Efforts were made to look at alternative materials for the piping that could reduce the cost with a welded pipe, rather than seamless, bringing the cost down by $32,000.
While council members indicated they would also be willing to approve the funding for a seamless pipe, they ultimately voted in favour of the recommendation that budgets for the welded pipe.
Spring rec grants approved
A total of 31 organizations will receive a combined $141,600 after Whitehorse city council voted to dole out the city’s spring recreation grants.
Council approved the spring intake for the annual grants, available to groups providing recreational programs and opportunities, at its April 25 meeting.
All 31 applicants were recommended for all or at least a portion of the amount they applied for.
“Where funding recommendations do not reflect the full amount of funding requests, it is because certain elements of an application may be fundable under another program, or it is reflective of the condition of the application, or there are insufficient grant funds to full cover the request,” it was noted in an earlier report to council.
The largest grants will see $7,000 go to each the Alpine Ski Association for a new deck; Gwaandak Theatre Society for its Indigenous Summer Play Readings; Larrikin Entertainment Ensemble for a theatrical production of Blocked! the musical; Music Yukon for its Arts in the Park series of performances; the Heart of Riverdale Community Centre for facility fees, administration and advertising; the Yukon Arts Centre for its Youth Arts, Education and Transportation Program; Yukon Music Camp for its 2022 camp; Yukon Transportation Museum Society to explore post-pandemic programming for the Alaska Highway 80th anniversary; and the Yukon Invasive Species Council for signage and materials.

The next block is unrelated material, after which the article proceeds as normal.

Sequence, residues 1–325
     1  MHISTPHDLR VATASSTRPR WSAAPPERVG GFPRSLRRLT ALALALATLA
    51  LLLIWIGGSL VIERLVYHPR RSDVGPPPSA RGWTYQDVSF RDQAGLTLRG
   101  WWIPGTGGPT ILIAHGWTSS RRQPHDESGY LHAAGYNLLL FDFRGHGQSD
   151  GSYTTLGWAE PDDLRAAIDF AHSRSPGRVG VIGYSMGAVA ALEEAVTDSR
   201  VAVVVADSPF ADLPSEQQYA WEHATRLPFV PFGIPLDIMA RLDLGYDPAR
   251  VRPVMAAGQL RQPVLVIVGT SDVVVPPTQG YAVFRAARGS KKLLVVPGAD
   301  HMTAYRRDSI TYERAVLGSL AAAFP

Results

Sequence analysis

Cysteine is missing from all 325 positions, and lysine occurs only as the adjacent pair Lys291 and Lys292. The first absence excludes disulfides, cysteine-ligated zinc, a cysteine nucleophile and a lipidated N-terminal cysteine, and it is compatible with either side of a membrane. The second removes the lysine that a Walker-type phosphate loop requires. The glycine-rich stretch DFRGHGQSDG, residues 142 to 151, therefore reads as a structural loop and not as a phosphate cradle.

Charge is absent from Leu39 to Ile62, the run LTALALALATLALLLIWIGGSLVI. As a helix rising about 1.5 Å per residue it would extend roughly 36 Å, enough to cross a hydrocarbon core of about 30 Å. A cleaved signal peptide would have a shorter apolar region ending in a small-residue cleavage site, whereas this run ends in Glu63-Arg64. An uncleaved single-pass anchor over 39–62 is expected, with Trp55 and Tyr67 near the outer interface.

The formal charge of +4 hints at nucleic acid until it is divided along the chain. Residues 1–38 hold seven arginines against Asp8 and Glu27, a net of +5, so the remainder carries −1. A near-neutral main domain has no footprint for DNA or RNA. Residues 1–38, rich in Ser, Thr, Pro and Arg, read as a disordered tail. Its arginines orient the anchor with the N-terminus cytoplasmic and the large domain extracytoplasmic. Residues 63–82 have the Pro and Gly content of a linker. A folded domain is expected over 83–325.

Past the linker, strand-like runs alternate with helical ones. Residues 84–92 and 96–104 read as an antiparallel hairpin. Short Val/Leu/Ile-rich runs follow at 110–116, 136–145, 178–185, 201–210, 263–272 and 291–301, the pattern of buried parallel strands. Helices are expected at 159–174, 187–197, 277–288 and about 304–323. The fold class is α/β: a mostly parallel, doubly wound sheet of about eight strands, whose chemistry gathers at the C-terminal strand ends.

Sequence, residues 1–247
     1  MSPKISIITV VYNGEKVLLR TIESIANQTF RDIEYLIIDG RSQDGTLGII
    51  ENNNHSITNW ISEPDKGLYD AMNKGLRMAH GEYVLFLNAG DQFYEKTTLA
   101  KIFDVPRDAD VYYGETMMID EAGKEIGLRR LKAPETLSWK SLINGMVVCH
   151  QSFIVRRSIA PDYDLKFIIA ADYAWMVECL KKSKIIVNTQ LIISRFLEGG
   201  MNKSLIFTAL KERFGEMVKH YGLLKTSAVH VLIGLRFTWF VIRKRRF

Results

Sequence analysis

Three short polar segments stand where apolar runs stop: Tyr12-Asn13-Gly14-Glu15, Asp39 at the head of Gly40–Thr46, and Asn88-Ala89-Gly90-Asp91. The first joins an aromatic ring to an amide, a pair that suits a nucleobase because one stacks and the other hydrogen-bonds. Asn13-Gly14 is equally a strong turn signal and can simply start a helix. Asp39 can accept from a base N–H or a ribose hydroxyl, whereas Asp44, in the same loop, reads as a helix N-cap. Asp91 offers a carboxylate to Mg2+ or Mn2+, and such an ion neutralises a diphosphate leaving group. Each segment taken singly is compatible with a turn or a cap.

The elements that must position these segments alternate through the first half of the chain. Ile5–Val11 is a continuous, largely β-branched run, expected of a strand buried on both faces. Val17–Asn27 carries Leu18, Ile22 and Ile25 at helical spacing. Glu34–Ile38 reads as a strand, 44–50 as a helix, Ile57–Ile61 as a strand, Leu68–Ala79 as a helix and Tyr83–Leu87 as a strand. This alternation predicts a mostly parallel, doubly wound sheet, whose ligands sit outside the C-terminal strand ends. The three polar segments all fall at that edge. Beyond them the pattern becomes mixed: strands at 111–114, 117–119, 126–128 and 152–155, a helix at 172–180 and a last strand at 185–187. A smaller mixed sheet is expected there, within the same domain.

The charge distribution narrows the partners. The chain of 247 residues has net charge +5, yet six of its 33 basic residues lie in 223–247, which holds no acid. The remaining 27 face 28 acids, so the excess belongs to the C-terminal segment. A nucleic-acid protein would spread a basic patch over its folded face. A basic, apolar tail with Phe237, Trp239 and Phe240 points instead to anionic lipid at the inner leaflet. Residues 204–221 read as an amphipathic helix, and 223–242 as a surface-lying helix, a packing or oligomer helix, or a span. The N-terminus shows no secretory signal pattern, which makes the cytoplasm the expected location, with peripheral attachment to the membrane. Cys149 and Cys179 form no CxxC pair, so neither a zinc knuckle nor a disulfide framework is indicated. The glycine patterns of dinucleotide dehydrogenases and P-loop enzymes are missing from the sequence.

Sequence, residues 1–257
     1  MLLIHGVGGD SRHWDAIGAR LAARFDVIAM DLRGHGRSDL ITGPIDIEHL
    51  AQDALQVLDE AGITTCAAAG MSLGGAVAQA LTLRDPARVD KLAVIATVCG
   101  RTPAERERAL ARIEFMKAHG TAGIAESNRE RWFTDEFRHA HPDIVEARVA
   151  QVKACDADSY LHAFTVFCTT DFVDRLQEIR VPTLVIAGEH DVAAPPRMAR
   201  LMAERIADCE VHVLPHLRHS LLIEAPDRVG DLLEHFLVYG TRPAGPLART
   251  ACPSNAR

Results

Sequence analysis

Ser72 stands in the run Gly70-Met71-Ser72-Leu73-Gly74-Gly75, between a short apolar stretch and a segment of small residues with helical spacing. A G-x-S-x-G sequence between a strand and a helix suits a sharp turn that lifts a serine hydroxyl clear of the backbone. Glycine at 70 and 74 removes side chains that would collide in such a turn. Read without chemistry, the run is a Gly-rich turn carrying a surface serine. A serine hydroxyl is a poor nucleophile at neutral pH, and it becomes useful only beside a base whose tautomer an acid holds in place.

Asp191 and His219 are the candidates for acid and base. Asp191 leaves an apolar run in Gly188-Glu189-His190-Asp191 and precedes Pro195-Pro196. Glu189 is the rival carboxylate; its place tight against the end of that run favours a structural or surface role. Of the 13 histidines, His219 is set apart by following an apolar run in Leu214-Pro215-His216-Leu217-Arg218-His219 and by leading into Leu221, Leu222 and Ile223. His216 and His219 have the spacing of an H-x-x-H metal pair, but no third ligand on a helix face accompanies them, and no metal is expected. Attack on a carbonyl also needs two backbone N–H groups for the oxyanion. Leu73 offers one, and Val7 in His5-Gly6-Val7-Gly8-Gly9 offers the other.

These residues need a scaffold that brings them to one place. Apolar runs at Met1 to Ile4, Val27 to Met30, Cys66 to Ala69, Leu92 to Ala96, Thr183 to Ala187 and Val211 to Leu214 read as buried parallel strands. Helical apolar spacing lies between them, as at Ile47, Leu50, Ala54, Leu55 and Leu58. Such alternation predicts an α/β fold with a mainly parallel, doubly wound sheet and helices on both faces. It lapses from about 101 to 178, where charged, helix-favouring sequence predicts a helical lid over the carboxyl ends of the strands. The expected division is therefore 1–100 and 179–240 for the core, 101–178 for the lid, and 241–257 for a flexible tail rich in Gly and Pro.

The smallest grant of $750 will go to Boreal Adventure Running for operational support of the Yukon River Trail Marathon in August.
The next recreation grant intake will be for fall grants in September.
Contact Stephanie Waddell at email@example.com